Mervin Cathian grew up in Mauritius on a tiny island in the Indian Ocean. Growing up with a Hindu background, his childhood was very difficult. His alcoholic father abused him and his mother. “Life in my house was like hell on earth,” he says. When his father drank, he became a different person, and everyone spoke in whispers to avoid upsetting him. Mervin was beaten for no understandable reason, so he began to question why things were so unfair.
He believes that God is always present in people’s lives, even if they aren’t aware of it. Though he didn’t know anything about God, he didn’t understand why his mother was praying to the idols in the temple. She told him he had to bow down to the idols. “ No, I’m not going to do that, why should I do that?” He admits all the questions and his refusal to just go along with the rituals of the culture around him were difficult on his mother, but that questioning ended up leading him to God.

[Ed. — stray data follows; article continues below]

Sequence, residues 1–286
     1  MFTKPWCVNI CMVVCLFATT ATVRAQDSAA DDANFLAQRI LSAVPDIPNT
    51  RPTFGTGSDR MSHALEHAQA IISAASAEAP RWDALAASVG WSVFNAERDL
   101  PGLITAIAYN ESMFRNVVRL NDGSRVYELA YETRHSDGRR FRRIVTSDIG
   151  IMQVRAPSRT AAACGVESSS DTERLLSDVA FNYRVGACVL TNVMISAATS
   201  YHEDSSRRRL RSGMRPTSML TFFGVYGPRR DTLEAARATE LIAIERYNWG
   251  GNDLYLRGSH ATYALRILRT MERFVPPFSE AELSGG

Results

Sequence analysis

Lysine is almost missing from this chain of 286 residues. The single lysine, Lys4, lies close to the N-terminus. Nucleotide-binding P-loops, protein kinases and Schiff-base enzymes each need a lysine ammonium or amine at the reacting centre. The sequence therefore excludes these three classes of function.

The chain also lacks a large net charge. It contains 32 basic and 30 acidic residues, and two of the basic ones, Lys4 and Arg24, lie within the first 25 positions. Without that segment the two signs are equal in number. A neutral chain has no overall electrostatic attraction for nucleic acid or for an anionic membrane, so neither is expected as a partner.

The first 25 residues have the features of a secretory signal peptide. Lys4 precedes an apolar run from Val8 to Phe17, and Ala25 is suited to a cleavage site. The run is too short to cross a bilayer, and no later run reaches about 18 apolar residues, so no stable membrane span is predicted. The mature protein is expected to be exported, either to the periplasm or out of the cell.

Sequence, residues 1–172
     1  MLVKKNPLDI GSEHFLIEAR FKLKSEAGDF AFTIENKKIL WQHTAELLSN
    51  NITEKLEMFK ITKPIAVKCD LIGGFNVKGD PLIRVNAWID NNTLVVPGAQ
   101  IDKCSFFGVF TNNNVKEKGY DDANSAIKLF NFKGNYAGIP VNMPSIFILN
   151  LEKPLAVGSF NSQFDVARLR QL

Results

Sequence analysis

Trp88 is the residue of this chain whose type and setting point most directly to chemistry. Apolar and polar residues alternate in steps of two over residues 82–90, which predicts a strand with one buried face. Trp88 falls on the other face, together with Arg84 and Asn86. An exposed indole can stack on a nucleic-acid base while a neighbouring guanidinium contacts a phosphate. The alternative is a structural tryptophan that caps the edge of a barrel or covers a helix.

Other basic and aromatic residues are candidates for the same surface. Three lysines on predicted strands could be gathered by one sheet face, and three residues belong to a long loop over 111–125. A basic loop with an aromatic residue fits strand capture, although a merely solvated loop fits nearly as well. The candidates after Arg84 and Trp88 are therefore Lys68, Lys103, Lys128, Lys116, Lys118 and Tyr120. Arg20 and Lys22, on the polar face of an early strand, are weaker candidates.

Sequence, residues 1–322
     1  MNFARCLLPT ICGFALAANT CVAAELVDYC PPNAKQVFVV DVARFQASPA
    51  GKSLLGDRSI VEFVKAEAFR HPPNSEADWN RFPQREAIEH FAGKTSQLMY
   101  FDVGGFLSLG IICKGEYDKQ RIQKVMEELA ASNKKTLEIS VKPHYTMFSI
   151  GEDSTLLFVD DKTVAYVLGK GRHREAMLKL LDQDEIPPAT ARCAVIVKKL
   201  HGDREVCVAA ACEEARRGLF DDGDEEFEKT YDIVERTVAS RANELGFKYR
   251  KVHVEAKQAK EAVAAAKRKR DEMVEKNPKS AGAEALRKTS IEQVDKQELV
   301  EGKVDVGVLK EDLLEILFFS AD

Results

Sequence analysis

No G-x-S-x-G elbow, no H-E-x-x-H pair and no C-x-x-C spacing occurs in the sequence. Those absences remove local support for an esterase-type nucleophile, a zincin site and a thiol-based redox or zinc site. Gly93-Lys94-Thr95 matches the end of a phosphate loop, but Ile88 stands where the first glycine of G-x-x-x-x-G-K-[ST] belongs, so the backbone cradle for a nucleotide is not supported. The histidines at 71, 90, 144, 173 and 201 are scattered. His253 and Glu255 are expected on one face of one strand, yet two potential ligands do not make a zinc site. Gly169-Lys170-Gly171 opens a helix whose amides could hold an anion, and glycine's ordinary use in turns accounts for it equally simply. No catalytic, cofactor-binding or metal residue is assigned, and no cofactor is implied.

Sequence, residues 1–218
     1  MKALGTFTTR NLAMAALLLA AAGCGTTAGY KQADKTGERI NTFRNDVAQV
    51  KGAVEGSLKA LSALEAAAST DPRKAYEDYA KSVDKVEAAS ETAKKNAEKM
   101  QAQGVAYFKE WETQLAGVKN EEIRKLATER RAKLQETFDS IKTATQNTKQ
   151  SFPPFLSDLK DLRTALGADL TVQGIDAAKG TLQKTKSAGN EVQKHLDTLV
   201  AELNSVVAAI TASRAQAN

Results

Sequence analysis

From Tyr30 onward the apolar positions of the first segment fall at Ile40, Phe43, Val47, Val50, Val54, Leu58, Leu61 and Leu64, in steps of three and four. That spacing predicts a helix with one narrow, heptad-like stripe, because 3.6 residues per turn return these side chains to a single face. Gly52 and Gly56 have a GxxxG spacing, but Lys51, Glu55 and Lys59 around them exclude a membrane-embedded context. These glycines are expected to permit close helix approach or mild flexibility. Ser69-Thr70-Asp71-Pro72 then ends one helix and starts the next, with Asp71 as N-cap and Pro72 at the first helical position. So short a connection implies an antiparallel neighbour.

Mervin tried to understand why his father was the way he was. He learned that his father lost his mother when he was only nine, and wasn’t able to see her be buried. His father was still carrying hurt from his childhood. He realized that his parents were broken, doing the best with what they had, and that he could not rely on them.
His life was an isolated one. “Even if I had holidays, I didn’t like holidays. I preferred to go to school, because there I had friends, it was my getaway.” There his teachers treated him like everyone else.
Mervin’s quest to understand the reasons why things were the way they were continued. He believes that God does not dictate things to us. Instead He explains things to us, for our understanding.
He met his future wife Kristina at college, who was from a Catholic background and was shocked at how different they were with the Hindu processions and practices he had from his background. Mervin admits that he didn’t really believe in the religion, but he still attended the temple out of respect for others and their right to choose how they worshiped, something that continues to guide him.